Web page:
At midnight on Friday, January 19, 2018, the federal government officially shut down after congressional Democrats and Republicans, and President Trump, could not agree on a compromise to continue funding the government. When the government shuts down, it means that nonessential employees are sent home without pay, and federal agencies cease most nonessential operations, until the impasse is resolved.
With $1.4 trillion in outstanding student loan debt – much of it held by the federal government – many student loan borrowers are feeling nervous about how this shutdown may impact their student loans. The good news is that I expect any direct impacts to be fairly minimal for most student loan borrowers. However, certain people will definitely experience some disruption. Here’s my take on what to expect.
Federal Student Loan Servicing Should Be Unaffected
While most federal student loans are “owned” by the U.S. Department of Education, the federal student loan system is dependent on private contractors (like Navient, Nelnet, Great Lakes Higher Education, and FedLoan Servicing) to handle day-to-day servicing operations like billing, correspondence, and application processing. The people who work for these servicers are not federal employees, and most of the servicing operations take place entirely within the walls of these private companies. So when it comes to things like processing your payments, sending you notices, and reviewing applications for deferments or income-driven repayment, we shouldn’t see any major impacts as a result of the shutdown.
Any Matters Before the U.S. Dept. of Education May Be Disrupted
There are other student loan matters that require some level of U.S. Dept. of Education involvement or approval, and I expect that we will see some disruption in these areas. For example, many types of federal student loan discharge programs – like a disability discharge or a closed school discharge – require final approval by U.S. Dept. of Education officials, even though the initial application is reviewed by private contractors. Settlements of defaulted federal loans, completion of rehabilitation programs, FAFSA application reviews, and consumer complaint resolution may also be impacted, as these issues often necessitate involvement by federal employees.
IRS and Tax-Related Impacts
The recent tax bill passed by Congress thankfully did not include some of the unpopular provisions originally proposed that would have impacted student loan borrowers, such as the elimination of the federal tax deduction for student loan interest paid. However, a large portion of the IRS workforce is going to be furloughed as a result of the shutdown. If the political impasse isn’t resolved soon and the shutdown drags into tax season, we might see delays in terms of tax return processing and the issuance of federal tax refunds. People who need to speak with the IRS to resolve questions or tax issues may also experience extremely long wait times on the phone.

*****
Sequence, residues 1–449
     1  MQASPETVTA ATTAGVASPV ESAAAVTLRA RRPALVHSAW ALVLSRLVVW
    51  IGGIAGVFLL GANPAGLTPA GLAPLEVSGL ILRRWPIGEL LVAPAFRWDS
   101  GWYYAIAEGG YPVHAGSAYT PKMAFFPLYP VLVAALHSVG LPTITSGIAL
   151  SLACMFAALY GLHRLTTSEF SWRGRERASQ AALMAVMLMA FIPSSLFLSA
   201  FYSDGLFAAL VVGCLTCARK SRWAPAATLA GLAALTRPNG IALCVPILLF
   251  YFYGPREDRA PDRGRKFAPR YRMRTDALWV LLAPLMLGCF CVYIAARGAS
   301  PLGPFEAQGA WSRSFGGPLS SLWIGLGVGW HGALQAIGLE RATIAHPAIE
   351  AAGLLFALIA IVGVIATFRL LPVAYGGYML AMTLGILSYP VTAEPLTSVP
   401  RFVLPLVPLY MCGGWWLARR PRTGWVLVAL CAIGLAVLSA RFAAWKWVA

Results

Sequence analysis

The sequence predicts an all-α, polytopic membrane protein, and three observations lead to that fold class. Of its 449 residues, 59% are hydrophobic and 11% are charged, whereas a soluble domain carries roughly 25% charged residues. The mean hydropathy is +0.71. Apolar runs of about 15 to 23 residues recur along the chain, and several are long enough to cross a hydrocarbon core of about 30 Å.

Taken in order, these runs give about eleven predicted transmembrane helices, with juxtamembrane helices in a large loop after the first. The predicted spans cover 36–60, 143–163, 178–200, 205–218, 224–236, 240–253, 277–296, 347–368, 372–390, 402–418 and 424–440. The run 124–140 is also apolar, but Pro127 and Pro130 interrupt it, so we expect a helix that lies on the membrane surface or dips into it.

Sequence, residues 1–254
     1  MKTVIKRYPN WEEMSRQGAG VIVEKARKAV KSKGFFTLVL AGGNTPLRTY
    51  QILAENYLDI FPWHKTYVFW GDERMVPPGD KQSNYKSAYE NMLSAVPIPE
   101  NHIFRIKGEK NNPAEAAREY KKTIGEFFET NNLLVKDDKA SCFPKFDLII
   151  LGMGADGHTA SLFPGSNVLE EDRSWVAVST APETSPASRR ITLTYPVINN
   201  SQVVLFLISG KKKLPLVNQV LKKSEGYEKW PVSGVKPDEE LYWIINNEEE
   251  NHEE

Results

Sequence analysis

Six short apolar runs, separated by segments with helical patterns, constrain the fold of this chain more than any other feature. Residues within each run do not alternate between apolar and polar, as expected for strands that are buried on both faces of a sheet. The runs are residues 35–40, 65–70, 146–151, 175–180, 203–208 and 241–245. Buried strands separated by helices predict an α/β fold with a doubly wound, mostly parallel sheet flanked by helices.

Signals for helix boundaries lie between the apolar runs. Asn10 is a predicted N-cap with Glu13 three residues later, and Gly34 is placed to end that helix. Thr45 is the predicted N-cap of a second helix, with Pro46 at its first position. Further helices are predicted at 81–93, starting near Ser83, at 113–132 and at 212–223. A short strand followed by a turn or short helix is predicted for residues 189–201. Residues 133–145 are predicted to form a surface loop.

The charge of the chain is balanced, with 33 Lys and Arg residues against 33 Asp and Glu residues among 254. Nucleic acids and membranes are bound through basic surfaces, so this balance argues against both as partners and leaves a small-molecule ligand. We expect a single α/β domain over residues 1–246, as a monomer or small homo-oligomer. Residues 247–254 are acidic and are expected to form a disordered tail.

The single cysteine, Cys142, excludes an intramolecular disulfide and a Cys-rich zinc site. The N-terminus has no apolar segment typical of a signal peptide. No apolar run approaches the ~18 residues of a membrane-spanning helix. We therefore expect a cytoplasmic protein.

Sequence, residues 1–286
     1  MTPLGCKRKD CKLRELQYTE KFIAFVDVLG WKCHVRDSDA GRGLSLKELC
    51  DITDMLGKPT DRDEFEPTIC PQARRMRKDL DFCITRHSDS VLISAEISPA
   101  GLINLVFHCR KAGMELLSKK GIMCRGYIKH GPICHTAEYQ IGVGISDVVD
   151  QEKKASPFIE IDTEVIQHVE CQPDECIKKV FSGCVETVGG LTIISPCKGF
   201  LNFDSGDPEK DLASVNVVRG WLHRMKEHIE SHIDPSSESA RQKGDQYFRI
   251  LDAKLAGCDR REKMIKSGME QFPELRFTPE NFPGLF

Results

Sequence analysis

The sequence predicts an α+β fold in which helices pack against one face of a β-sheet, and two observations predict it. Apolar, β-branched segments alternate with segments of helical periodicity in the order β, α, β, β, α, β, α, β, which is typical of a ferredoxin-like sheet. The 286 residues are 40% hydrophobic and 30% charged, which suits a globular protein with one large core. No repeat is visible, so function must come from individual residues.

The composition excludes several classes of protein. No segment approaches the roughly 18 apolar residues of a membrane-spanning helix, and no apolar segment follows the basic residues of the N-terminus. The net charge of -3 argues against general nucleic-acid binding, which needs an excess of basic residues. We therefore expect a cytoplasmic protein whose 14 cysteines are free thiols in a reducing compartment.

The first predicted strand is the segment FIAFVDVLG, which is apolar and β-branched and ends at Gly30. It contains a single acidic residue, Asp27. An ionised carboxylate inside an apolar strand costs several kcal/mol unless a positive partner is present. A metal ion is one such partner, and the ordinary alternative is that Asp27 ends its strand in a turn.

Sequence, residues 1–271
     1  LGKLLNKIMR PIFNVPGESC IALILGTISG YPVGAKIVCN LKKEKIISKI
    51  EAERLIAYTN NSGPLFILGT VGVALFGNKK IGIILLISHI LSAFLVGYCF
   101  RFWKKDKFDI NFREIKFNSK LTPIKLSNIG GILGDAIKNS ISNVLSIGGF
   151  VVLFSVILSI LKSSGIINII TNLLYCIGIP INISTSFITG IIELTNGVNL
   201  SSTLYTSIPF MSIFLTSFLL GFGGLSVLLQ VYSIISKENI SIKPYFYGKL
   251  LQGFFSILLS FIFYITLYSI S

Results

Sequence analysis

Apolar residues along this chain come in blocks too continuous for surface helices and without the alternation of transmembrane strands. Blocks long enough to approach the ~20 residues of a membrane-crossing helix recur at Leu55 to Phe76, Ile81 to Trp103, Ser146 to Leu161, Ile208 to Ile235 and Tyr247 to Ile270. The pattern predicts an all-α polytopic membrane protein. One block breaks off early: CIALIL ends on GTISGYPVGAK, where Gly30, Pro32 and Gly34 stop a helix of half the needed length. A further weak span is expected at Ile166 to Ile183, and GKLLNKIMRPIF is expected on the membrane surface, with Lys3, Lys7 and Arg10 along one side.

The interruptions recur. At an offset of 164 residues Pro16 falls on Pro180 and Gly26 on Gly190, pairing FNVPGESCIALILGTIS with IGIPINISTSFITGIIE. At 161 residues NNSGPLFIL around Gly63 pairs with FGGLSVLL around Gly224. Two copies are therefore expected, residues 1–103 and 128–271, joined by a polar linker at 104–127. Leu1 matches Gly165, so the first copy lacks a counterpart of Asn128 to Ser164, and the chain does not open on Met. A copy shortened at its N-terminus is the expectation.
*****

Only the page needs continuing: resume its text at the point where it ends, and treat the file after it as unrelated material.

Furloughed Federal Employees
Somewhere around 850,000 federal employees will be furloughed as a result of the shutdown. And that’s not counting the hundreds of thousands of additional people who perform contract work for the government. If the shutdown is resolved relatively quickly (like within a week or two, which was the case for the last shutdown in 2013), then the financial harm to these workers should (hopefully) be fairly minimal. However, if the shutdown drags on for a month or more, some federal workers may not be able to afford to pay their bills – including their student loan payments.
If you’re one of these people, you can talk to your student loan servicer about options. You may be able to temporarily postpone your billing for a month or two using a forbearance request, but keep in mind that there might be significant interest consequences, including capitalization. Borrowers on an income-driven repayment plan can apply to lower their monthly payment based on changed circumstances; this might be a better option for some people, since it could preserve progress towards loan forgiveness and avoid the interest repercussions of a forbearance.
Private Student Loans Should be Unaffected
Since private student loans operate entirely outside of the federal system, there should be no impacts for borrowers who have private loans, whether those loans are in good standing, collections, or litigation.